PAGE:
It’s almost as if the abrupt release of Noxious Foxes’ quasi-eponymous release Roxious Soxes had a poetic intention. In a time where math rock musicians are turning to safe, cleanly-tapped serenades, the looping duo valiantly provide the opposite, a record that throws all trace of coherent structure into the recycle bin. We sanctimonious folk in math rock press, treating you to shade from our multiple story pedestals, we were all proud as punch when we heard this. We carry the same sentiment we held when the band released Légs and Epochalypso: here’s a band doing math rock correctly.
There are three critical elements to Roxious Soxes, and their back catalogue, that reflect these sentiments nicely.
(i) Rhythm – The metrical complexity of Roxious Soxes is almost bewildering. Drummer Richard Levengood’s intense polyrhythmic percussion in tracks like ‘Goldman Ball Sachs’ and ‘Peekaboobies’ make exceptional use of musical space. Rather than partition their sound neatly into divisive pulses, Noxious Foxes provide percussive excess bearing genuine similarity to classic math rock duos like Cheval de Frise and Hella.
(ii) Tones – Complementing their frenetic percussion is Justin Talbott’s zany range of keys and guitar effects. ‘Abraham LinkedIn’ is an evident highlight here; the overlapping quirky keys opening the track almost sound like an army of broken toys. The almost cartoon-like flavour of sounds in Roxious Soxes gives it a wild humor, one that worked so well in Battles‘ Gloss Drop.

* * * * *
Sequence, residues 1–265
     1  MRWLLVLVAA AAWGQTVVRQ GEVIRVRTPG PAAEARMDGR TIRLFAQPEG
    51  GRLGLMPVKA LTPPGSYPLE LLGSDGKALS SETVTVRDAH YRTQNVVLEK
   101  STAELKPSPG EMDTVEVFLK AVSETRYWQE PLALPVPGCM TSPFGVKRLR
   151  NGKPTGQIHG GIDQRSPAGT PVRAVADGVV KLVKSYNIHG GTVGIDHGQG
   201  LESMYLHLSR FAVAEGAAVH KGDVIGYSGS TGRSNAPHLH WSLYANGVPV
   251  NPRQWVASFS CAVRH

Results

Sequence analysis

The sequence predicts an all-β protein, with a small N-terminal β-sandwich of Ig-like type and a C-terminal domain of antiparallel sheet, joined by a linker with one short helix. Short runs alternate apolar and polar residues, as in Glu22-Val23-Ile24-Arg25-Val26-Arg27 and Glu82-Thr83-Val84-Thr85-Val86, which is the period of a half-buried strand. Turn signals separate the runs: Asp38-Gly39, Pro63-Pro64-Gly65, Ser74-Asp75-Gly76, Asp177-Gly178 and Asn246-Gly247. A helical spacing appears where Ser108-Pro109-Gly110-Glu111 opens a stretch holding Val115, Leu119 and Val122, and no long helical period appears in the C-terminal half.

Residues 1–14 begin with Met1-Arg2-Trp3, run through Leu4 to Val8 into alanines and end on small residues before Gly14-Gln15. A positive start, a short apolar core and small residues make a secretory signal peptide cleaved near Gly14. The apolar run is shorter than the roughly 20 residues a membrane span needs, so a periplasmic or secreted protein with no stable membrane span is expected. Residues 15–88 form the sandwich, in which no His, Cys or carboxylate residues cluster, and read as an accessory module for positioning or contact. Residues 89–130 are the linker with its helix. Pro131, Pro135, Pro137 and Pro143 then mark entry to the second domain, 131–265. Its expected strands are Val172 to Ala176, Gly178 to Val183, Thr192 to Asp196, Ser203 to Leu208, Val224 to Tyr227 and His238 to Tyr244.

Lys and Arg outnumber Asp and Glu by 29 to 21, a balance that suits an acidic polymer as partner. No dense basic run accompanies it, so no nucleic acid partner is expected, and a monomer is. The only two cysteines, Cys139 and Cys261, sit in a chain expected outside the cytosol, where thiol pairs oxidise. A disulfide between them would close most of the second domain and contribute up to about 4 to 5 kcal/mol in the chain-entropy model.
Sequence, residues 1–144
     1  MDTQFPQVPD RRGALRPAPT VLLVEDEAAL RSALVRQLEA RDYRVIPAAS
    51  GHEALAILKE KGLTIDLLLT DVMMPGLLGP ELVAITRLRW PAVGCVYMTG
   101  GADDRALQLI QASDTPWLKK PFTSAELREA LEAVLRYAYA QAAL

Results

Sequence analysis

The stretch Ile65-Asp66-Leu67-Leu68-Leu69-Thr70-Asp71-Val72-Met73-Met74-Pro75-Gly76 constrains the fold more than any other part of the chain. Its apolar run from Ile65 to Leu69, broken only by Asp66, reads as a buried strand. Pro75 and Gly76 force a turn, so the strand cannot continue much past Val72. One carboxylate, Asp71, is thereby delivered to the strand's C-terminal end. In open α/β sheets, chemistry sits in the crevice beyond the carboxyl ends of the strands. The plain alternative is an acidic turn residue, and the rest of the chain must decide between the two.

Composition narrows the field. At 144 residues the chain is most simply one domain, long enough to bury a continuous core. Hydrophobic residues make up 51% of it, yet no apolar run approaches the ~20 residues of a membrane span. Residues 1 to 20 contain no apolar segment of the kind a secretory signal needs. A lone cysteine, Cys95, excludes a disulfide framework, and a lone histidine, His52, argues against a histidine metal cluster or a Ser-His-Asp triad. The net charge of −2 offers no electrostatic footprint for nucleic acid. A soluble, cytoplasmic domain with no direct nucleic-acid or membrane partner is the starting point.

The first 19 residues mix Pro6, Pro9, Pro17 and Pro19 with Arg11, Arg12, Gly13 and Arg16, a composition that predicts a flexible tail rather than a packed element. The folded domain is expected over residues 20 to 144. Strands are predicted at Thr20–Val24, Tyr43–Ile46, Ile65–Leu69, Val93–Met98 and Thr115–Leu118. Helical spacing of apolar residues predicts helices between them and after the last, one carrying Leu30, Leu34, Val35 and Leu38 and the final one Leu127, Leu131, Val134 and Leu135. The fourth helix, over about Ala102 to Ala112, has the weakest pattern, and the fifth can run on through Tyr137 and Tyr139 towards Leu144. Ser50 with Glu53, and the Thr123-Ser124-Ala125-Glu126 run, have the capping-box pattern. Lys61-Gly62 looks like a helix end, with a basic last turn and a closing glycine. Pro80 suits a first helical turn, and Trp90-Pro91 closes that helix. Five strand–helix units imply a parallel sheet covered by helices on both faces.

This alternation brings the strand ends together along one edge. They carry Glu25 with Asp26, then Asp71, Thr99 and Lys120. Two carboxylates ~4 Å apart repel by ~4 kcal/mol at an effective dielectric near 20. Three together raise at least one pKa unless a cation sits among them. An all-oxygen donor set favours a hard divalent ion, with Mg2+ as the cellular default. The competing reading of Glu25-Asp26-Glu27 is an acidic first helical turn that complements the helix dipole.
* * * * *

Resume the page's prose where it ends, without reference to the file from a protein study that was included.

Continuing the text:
(iii) Loops – Noxious Foxes’ use of guitar looping is exceptional. Roxious Foxes illustrates the band’s flair in stacking layers of melody atop one another, ascending to the point of overburden and excess but never crossing it. In fact, they flirt with it; they create a sound that is so packed with stimuli that it could burst at any moment. The engineering associated with this must indeed be mathematically precise, to not only build these multiple guitar and key loops but also insert these loops into the irregular time signatures abundant in their releases.
Roxious Soxes, like every Noxious Foxes release, is a deliciously disjointed aural playground, showcasing these three quintessential properties of the band. Herein is everything we look for in math rock: controlled chaos that appears impossible to parse but easy to enjoy.
Math Rock, wacky, looping, experimental, odd rhythms, instrumental, free